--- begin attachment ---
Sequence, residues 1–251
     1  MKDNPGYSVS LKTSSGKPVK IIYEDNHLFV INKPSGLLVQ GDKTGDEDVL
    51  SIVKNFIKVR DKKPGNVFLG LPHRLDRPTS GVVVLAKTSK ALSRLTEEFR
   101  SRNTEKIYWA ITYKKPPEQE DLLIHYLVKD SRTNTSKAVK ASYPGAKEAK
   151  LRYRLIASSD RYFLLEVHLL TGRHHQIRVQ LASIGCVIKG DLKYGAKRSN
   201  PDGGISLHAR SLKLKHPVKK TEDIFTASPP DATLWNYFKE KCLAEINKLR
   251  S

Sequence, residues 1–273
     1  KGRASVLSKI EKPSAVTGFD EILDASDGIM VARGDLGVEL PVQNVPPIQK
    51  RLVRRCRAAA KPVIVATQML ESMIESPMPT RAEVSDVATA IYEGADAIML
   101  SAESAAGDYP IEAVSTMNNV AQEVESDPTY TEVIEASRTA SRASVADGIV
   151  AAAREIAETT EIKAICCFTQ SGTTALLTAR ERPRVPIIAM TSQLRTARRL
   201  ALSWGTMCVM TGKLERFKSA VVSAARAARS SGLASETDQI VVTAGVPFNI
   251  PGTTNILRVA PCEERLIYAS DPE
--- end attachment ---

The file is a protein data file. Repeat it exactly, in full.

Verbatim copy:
Sequence, residues 1–251
     1  MKDNPGYSVS LKTSSGKPVK IIYEDNHLFV INKPSGLLVQ GDKTGDEDVL
    51  SIVKNFIKVR DKKPGNVFLG LPHRLDRPTS GVVVLAKTSK ALSRLTEEFR
   101  SRNTEKIYWA ITYKKPPEQE DLLIHYLVKD SRTNTSKAVK ASYPGAKEAK
   151  LRYRLIASSD RYFLLEVHLL TGRHHQIRVQ LASIGCVIKG DLKYGAKRSN
   201  PDGGISLHAR SLKLKHPVKK TEDIFTASPP DATLWNYFKE KCLAEINKLR
   251  S

Sequence, residues 1–273
     1  KGRASVLSKI EKPSAVTGFD EILDASDGIM VARGDLGVEL PVQNVPPIQK
    51  RLVRRCRAAA KPVIVATQML ESMIESPMPT RAEVSDVATA IYEGADAIML
   101  SAESAAGDYP IEAVSTMNNV AQEVESDPTY TEVIEASRTA SRASVADGIV
   151  AAAREIAETT EIKAICCFTQ SGTTALLTAR ERPRVPIIAM TSQLRTARRL
   201  ALSWGTMCVM TGKLERFKSA VVSAARAARS SGLASETDQI VVTAGVPFNI
   251  PGTTNILRVA PCEERLIYAS DPE